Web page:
# ME Tensile Strength, Percentage of Elongation and the Reduction

ME – 241

Introduction
to Solid Mechanics

We Will Write a Custom Essay Specifically
For You For Only \$13.90/page!

order now

Tensile
Test

Prepared by:

Name: Ulvi Umut

Surname: YAVUZLAR

Student ID: 38971533166

Student E-Mail: [email protected]

Due Date: December 12th,
2017

INDEX

?INTRODUCTION…….……………………3

?THEORY OF EXPERIMENT……………..4

?EXPERIMENT PROCEDURE……………7

?GRAPHS AND CALCULATIONS ……….8

?RESULTS AND DISCUSSION ..…..……12

?ASTM STANDARDS………………………13

?REFERENCES…………………………….14

?CONCLUSION…………………………….15

?Introduction

Tensile
Test

The tensile test, as known as the
“tension test”,
is one of a most fundamental type of mechanical test that used on a material.
Tensile test is really inexpensive which makes this test more preferable.

From tensile test, how the
material will react to forces being applied in tension can be determined. As
the material is pulled by machine, material’s strength can be found along its
elongation.

From the stress-strain curve
of the tensile test, the values which can be found are Modulus of Elasticity,
Yield Strength, the Tensile Strength, Percentage of Elongation and the
Reduction in Area. Also the Toughness, Resilience, Poisson’s ratio can be found
by using the tensile test.

In the report, these values
will be found by doing the calculations and in the Results and Discussion part
of the report, these calculations will be explained and discussed. This
experiment is made with two different specimens.(one is made from aluminum and
the other is made from steel)

Specimen’s
raw material = Aluminum
Specimen’s raw material = Steel

Diameter of
specimen = 12 mm                        Diameter of specimen = 15 mm

Gage length
= 59 mm                                        Gage length = 84 mm

Final Gage
length = 69 mm
Final Gage
length = 95 mm

After fracture :

39.56276(kN)

Max.stress = 349.8033 (MPa)                           Max stress = 492
(MPa)

?Theory of Experiment

Formulas That Will Be Used in Lab Report

Engineering Stress

?
= P/A0

Engineering stress can be found by dividing the Applied
Force to Cross Sectional area of the specimen before the deformation has taken
place.

True Stress

?T =
P/A

True stress can be found by dividing the Applied
Force to Cross Sectional area of the specimen at the point which the load is applied.

Engineering Strain

? = ? / L0

Engineering strain can be found by dividing the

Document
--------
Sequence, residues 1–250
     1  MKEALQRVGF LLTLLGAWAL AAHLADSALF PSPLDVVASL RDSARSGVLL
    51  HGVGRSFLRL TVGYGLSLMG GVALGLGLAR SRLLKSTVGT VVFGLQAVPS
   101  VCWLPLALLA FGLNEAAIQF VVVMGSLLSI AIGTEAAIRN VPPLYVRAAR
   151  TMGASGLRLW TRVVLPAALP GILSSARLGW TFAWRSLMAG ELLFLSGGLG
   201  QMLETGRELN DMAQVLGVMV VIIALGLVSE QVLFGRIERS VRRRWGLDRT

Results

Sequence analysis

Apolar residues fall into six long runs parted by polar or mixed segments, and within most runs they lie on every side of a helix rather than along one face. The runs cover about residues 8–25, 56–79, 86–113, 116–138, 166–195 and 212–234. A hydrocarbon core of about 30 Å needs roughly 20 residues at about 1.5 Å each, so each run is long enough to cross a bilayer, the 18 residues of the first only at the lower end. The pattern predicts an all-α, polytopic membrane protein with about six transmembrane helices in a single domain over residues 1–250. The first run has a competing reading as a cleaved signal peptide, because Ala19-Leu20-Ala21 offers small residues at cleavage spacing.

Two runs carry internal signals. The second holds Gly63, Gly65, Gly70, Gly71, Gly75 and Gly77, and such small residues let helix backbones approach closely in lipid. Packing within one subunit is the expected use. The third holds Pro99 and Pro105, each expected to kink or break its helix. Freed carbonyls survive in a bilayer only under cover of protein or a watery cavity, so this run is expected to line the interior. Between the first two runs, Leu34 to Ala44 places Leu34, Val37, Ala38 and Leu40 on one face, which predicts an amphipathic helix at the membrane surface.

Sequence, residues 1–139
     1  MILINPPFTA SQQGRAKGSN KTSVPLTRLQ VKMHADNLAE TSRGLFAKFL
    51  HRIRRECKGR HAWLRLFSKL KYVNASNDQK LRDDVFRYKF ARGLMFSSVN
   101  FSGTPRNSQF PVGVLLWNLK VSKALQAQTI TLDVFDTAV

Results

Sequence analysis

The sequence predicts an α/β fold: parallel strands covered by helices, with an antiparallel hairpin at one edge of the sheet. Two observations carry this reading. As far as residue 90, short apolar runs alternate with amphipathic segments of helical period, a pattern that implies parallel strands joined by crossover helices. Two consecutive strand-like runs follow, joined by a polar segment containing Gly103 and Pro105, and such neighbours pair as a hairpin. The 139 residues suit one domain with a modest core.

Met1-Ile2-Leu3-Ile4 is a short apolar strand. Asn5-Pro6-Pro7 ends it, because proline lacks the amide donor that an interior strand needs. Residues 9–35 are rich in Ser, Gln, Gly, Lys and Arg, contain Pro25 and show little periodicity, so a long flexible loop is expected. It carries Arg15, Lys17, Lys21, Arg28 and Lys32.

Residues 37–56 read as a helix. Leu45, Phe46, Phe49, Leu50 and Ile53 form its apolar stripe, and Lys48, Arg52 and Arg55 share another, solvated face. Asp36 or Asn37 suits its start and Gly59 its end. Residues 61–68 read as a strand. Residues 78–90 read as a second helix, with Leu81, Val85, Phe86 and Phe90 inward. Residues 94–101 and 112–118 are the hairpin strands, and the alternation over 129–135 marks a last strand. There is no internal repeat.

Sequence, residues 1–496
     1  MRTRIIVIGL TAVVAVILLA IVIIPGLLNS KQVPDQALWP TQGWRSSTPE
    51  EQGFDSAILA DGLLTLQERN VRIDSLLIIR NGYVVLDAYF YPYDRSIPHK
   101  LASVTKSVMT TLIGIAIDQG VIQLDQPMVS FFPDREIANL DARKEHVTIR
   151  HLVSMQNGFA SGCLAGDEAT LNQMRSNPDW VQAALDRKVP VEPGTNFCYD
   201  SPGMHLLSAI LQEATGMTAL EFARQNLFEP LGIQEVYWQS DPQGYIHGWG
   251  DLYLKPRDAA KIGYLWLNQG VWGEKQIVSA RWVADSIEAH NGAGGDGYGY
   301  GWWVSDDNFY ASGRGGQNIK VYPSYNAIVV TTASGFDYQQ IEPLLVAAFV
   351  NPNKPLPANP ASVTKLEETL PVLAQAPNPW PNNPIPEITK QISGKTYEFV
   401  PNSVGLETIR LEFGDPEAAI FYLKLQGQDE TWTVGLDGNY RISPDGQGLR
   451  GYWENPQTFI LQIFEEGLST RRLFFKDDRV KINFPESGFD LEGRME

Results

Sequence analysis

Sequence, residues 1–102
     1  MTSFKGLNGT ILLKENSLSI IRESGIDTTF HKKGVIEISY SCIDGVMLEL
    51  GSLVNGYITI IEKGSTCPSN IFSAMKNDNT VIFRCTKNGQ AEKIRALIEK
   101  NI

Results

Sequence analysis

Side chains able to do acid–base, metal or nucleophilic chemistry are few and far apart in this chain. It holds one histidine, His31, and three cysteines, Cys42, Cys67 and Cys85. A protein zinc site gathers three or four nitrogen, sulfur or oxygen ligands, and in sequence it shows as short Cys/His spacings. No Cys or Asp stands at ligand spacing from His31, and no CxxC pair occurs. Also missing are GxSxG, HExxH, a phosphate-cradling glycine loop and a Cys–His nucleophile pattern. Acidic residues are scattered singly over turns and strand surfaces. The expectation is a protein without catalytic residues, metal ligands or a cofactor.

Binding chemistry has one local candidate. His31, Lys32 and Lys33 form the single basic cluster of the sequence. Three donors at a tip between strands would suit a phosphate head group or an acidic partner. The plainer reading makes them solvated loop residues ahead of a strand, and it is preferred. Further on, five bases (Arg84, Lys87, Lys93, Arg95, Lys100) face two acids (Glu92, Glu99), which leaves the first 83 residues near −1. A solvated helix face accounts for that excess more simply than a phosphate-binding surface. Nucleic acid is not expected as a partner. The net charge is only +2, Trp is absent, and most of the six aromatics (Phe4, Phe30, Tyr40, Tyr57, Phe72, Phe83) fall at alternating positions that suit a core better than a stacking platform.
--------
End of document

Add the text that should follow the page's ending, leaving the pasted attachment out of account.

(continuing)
Total Elongation to Original value of the gage length.

True
Strain

L

?T = ?(1/L)dL = ln(L/L0)

L0

True strain can be found by taking the integral of
(1/(Changed value of gage length)) which is equal to ln((Changed value of gage
length)/(Original value of the gage length)).

Hooke’s Law

? = Normal Stress

? = ? * E                 ?  = Normal
Strain

E = Modulus of Elasticity(Young’s
Modulus)

Yield Point

In order to find the yield point, take the load at the point where
strain is (0.2%) divided by the cross-sectional area.

Ductility

Ductility is ability of
material that undergoes permanent deformation (through the reduction in cross
section area) by flexing or twisting at room temperature without fracturing.

Gage Length

Distance along the specimen
that the calculations of extension are made is called ”gage length”. Sometimes,
distance between the grips are taken as gage length.

Difference Between Engineering
and True Stress/Strain

True stress and strain are often not required. When the yield
strength is surpassed, the material deforms. The component has
failed because it doesn’t have the original intended shape anymore.
Furthermore, a significant difference develops between the two curves only when necking begins.
But when the necking begins, the component is extremely deformed and no longer
supplies its expected use. In the graph, true stress continues  increasing after necking,
decreases, the area decreases even and even more.

Tools
Used in Experiment

Aluminum                                                                 Steel
Specimen
Specimen

?Procedure of Experiment

To determine the gage length
and the diameter of the cross section of aluminum specimen, the aluminum
specimen was measured with the caliper. The diameter of the aluminum specimen
was determined (12.00 mm),
the gage length of it was determined (59.00 mm) and scribed into the specimen in
order to measure the distance between the two marks after the tensile test was
completed. After that, same measurements are made for the steel specimen and
the gage length was determined (84.00 mm), the diameter was determined (15.00 mm).

To space the specimen equally between the two
clamps, the specimen got loaded to Instron load frame’s jaws. The extensometers
were fitted to the reduced gage section of the specimen, providing that the
axial extensometer was set correctly when attaching it to the gage and that the
transverse extensometer was attached to complete the diameter of specimen.

by using the scroll wheel to provide that the specimen was accurately loaded into
the frame and ensured that it wasn’t slipping in the jaws. After that, by using
the software, load was released so that the extensometers were zeroed. The test
got started and the specimen was loaded, resulting in a mensureable strain.
This increase in the rate of strain may caused some error but this increase
sped up the test.

?Graphs and Calculations

?Graphs
of Aluminum Specimen

?Calculations
of Aluminum Specimen

Hooke’s Law??=?*E
290MPa=E*(0.029)
so experimental value of E = 10000 MPa